Relying on capturing carbon at all remains a massive gamble: Emissions-curbing policy should probably proceed on the assumption that it will never scale up to the staggering levels some models suggest will be needed. Still, there are relatively few of those models for keeping warming below two degrees Celsius (3.6 degrees Fahrenheit) or especially 1.5 degrees Celsius that don’t involve modestly negative emissions and capturing at least some industrial carbon, in tandem with more nature-based methods of sequestration like reforestation and regenerative agriculture. And the free market seems unlikely to supply that carbon capture: While there are other ways to utilize captured carbon that don’t involve drilling, for example for cement and steel production, there may not be profitable ways to use all the carbon many models suggest capturing, and simply storing it hasn’t been an option fossil fuel companies have found attractive. Addressing the shortfall would probably require government action.

The International Energy Agency has said that 3,500 CCUS plants would be needed by 2050 to keep warming below two degrees. Just 22 were expected, prior to the Covid-19 pandemic, to be operational by the end of this year. Expanding carbon capture, University of California Los Angeles research fellow Holly Buck has written, would require “infrastructure on the same scale of today’s oil industry—but to put the carbon back underground.” This would probably involve long-term job creation: “The storage takes place in caverns underground, or in depleted oil wells. And then this carbon must be monitored, to make sure it is staying there.”

The labor-intensive side of carbon capture might be a saving grace for suffering oilfield communities. A 2013 report from the Rand Corporation found considerable overlap between the type of work done by workers in the extractive sector and that required to inject and maintain carbon underground. From geologists to pipe fitters to drill operators, “the types of firms and employees who are in the existing oil and gas sector could easily transition to building carbon dioxide pipelines and injecting carbon underground,” said Costa Samaras, a co-author on the report and a civil engineer at Carnegie Mellon University. “We do a lot of things underground that aren’t oil and gas drilling.”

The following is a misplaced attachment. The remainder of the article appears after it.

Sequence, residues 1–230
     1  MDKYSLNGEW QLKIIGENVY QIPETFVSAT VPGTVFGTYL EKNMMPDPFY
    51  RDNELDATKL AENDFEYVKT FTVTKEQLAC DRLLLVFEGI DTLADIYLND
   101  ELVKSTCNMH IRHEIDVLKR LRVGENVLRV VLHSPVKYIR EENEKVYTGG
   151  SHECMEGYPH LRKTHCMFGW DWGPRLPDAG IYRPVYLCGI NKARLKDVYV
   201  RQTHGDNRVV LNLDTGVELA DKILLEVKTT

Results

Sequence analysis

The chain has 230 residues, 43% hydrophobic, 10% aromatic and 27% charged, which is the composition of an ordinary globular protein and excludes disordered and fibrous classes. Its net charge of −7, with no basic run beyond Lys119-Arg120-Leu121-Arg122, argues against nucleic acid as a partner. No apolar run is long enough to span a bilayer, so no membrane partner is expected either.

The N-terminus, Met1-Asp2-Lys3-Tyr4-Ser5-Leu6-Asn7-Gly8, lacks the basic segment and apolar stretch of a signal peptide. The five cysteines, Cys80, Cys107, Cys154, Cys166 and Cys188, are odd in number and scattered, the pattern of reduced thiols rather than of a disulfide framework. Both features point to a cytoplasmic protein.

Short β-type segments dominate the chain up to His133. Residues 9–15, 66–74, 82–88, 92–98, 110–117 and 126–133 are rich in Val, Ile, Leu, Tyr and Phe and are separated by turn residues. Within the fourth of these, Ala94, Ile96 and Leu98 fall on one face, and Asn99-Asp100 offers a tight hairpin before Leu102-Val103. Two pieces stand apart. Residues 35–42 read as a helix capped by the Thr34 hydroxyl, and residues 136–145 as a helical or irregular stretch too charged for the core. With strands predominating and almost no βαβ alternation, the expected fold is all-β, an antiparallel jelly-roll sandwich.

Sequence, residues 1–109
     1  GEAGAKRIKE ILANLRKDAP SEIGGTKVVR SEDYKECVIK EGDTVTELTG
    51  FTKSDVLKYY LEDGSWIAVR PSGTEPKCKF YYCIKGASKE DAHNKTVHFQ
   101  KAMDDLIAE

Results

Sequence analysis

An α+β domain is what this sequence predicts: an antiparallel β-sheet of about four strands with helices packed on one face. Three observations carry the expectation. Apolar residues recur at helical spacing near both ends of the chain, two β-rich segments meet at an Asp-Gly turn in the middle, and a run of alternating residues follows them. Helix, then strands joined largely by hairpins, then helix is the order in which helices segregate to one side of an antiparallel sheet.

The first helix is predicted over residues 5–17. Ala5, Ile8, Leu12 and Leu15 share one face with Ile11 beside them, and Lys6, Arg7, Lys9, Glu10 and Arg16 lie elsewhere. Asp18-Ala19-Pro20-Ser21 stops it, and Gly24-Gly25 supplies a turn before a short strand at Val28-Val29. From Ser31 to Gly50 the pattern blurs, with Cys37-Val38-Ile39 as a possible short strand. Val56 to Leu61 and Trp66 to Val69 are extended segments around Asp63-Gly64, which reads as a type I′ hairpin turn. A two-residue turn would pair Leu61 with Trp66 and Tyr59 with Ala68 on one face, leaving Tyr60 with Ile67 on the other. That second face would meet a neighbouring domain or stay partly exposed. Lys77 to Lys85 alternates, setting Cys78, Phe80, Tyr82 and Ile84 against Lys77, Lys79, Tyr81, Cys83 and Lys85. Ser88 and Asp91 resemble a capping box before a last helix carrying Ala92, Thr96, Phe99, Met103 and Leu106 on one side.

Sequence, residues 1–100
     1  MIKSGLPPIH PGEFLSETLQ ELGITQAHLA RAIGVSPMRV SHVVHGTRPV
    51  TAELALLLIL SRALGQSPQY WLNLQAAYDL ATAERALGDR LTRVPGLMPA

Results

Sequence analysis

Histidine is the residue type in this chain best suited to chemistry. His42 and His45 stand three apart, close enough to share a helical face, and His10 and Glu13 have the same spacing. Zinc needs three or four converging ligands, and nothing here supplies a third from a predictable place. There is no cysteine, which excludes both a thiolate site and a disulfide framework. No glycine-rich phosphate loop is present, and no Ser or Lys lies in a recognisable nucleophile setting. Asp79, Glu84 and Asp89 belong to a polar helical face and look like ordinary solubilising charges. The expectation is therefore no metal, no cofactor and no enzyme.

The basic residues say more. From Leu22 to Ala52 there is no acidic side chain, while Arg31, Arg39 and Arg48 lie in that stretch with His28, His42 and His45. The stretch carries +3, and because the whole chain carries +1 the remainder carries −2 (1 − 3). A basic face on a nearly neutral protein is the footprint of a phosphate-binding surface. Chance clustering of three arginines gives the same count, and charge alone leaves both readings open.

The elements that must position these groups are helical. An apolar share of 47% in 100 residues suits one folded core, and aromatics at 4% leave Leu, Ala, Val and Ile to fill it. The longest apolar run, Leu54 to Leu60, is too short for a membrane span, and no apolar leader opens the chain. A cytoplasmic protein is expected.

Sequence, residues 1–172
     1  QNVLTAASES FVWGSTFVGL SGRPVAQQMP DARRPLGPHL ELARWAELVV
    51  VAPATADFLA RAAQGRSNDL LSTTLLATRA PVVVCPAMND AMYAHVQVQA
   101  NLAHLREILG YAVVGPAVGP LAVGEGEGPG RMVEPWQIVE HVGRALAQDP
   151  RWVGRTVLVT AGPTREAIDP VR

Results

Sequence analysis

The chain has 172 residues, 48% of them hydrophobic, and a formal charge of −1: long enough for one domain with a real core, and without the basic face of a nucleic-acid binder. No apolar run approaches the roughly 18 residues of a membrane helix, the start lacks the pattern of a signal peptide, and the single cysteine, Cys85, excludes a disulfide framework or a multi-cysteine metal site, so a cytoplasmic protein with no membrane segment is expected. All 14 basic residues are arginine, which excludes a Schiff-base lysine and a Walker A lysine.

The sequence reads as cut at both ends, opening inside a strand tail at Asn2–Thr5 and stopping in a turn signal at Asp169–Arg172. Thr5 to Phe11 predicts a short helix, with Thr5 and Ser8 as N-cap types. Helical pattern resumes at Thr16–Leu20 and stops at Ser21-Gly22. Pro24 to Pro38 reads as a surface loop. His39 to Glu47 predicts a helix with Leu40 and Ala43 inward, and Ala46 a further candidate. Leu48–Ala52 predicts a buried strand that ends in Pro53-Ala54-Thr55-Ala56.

While optimistic about the potential for carbon capture to create jobs, Samaras told me he wouldn’t want to see it used to extend the life of the fossil fuel industry indefinitely, as some in the industry have proposed. He’d rather see it used to offset tough-to-decarbonize sectors like aviation, for which non–fossil fuel alternatives could still be decades away. It might also play a role in a managed decline of the fossil fuel industry, wherein incumbent fuels are phased down to zero. “If we’re going to have any natural gas at all,” Samaras said, “then we have to have carbon dioxide removal attached to it. Obviously we would like to displace those plants, but you could make a walking path alongside them and just have them there, and if you need them you can use them.” It’s hard, of course, to imagine that happening on the watch or balance sheets of today’s fossil fuel companies, fragile as they are. But there are a number of other options. By taking an equity stake in these flailing, cheap firms, for example, the government could keep paying workers to do similar work toward different ends.

Existing tax credits mostly encourage companies to use CCUS on their own terms, often ones that are making the climate problem worse. But if carbon capture is even half as important for decarbonization as climate models make it out to be, there’s a compelling case for the government to take a keener interest in the technology. As oil companies cut jobs and continue with haphazard or nonexistent climate mitigation efforts, there’s an opportunity for lawmakers to solve multiple problems at once. Instead of buoying an unprofitable and highly damaging industry by handing cash to executives, a stimulus program could employ former oil workers to clean up abandoned wells and build carbon-storing infrastructure, aiding the climate and the economy in equal measure.